Three pieces of modern technology that could enhance future doctor-patient relationships

Most clinicians chose a career in medicine to help people, but many are finding that they’re spending an increasing amount of time updating Electronic Medical Records (EMRs). This can prove frustrating for many as it takes them away from patients, however some fairly common technology could help bring them back together (Source).

There are significant benefits to incorporating the latest technology within healthcare organisations, notably technology can break the bond between a clinician and the patient. There is still a number of activities that require interpersonal communication – with the barrier of a device removed – like giving a life-changing diagnosis or identify clinical issues.

A few pieces of popular modern technology could allow clinicians to ditch their screens, and once again focus on their patients:

Google glass: While the optical head-mounted display was met with criticism on its release, due to its focus on social settings, the new Google Glass Enterprise Edition has been designed to be used in workplaces – from GE, Boeing and Volkswagen through to healthcare providers. Software developers, Augmedix, have already created an application for the Google Glass which allows physicians to live-stream activities, such as doctors’ visits, to remote “scribes” in HIPAA secure rooms. Here the scribes securely document the interaction, freeing up the clinician to focus on the patient, saving the clinician – they estimate – up to 15 hours a week.

Smart speakers: Wireless smart speakers – such as the Amazon Echo and the Google Home – are gaining popularity, with close to 30 million sold around the world. (Article).

These devices may be becoming commonplace within the home but they have yet to be fully integrated into healthcare organisations, where they could have a massive impact. Through utilising the devices’ voice recognition capacities, developers could use them to identify key words or sentences and automatically update the EMR, adjust the goals of a patient, or even create tasks – in the same way they are used to update personal calendars and write messages by voice.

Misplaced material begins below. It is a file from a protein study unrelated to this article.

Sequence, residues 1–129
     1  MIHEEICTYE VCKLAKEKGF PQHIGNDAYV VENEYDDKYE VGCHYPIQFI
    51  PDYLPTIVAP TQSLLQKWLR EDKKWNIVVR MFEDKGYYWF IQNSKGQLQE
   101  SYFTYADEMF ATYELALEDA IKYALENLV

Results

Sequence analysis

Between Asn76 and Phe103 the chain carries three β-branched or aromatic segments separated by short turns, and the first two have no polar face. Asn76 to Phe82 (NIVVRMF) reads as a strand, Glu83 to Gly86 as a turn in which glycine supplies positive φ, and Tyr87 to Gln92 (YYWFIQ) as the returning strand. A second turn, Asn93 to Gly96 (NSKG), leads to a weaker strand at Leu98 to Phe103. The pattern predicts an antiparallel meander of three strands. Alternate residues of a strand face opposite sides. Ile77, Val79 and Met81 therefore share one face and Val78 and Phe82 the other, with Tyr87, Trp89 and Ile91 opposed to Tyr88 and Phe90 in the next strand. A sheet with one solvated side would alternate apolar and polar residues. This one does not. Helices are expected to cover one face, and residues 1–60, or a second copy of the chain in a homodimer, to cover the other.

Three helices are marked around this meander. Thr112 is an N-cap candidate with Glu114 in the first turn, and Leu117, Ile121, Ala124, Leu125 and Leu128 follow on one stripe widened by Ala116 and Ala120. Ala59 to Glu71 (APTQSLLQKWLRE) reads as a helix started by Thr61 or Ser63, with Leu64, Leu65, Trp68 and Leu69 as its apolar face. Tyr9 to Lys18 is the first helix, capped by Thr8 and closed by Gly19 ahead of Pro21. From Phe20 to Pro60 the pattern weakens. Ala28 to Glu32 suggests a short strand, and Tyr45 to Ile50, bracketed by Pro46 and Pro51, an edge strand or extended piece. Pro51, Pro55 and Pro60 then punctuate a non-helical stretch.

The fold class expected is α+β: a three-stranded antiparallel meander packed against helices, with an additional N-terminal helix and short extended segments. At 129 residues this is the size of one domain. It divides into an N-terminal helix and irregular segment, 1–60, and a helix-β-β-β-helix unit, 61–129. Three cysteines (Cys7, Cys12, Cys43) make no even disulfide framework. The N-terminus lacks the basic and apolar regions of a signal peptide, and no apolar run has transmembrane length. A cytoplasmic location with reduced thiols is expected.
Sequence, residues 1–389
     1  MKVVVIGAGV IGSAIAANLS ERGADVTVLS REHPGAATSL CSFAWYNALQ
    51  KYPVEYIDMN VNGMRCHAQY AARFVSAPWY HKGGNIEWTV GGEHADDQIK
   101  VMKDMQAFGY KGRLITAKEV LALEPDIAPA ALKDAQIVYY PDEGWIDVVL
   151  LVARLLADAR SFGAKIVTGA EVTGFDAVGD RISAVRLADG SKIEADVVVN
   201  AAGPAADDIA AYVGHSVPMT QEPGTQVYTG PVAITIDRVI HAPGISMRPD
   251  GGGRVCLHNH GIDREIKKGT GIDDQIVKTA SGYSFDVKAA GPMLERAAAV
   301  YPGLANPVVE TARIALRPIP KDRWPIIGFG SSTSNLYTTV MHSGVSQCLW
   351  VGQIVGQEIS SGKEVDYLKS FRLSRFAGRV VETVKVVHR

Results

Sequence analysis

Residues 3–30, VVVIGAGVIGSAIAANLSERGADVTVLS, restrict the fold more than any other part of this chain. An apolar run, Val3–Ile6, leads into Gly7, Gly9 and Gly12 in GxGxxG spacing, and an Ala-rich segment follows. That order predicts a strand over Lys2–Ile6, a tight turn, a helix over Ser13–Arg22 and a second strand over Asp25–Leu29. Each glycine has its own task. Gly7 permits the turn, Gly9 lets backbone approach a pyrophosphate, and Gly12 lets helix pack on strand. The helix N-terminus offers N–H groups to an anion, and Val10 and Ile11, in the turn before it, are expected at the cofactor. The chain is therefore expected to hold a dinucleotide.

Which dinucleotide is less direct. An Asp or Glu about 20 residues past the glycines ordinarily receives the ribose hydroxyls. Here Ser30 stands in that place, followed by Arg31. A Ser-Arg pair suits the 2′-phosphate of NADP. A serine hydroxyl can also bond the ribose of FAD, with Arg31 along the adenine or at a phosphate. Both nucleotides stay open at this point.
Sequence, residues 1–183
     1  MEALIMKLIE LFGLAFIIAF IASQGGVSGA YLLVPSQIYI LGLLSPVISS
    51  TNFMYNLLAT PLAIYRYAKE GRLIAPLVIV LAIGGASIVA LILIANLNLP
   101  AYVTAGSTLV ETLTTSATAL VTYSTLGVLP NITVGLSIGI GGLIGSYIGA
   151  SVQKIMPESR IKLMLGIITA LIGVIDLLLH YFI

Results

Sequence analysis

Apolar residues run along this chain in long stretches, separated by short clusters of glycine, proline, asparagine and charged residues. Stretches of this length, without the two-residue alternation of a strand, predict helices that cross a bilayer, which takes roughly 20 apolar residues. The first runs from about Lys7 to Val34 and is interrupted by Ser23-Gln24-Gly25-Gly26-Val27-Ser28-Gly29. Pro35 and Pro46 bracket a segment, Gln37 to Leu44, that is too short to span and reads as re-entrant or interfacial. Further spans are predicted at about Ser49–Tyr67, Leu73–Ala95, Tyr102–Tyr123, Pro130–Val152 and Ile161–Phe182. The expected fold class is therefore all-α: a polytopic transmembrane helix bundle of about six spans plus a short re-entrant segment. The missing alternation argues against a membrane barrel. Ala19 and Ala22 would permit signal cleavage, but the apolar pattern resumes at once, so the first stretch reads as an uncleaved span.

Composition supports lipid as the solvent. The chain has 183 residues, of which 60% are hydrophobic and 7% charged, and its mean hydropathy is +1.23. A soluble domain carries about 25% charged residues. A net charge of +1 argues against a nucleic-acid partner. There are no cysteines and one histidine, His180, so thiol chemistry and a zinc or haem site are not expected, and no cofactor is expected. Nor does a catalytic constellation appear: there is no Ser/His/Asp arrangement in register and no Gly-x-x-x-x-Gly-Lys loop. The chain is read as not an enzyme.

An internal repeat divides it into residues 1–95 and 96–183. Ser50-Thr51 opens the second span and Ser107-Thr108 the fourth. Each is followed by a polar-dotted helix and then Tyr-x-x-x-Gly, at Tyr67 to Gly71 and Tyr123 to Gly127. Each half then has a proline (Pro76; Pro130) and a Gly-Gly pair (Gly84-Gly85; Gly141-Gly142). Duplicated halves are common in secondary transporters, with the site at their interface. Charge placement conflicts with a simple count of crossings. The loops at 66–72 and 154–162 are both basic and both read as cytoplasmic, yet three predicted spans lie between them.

Augmented reality (AR): This new technology hit the mainstream with the launch of Pokémon Go, just over a year ago, and while there hasn’t been significant adoption of the technology yet – outside of the popular monster catching game – there is a lot of development in the area. AR, which superimposes a computer-generated image on a user’s view of the real world (usually through a mobile phone), is projected to have numerous benefits in healthcare. While there are already medical apps available, AR really comes into its own when used in conjunction with wearable tech, like the Google Glass. Current apps which help patients to better describe symptoms, aid clinicians to find veins easier, and assist surgeons in the operating room will help to further breakdown the barriers between patients and clinicians – allowing a truly ‘hands off’ approach.

The healthcare applications are still in their infancy, as is the technology that powers them –the second generation of Google Glass has only just been released and Apple’s HomePod won’t be released until December of this year – but with such interest from both consumers and clinicians we can expect to see significant, and exciting, development in the very near future.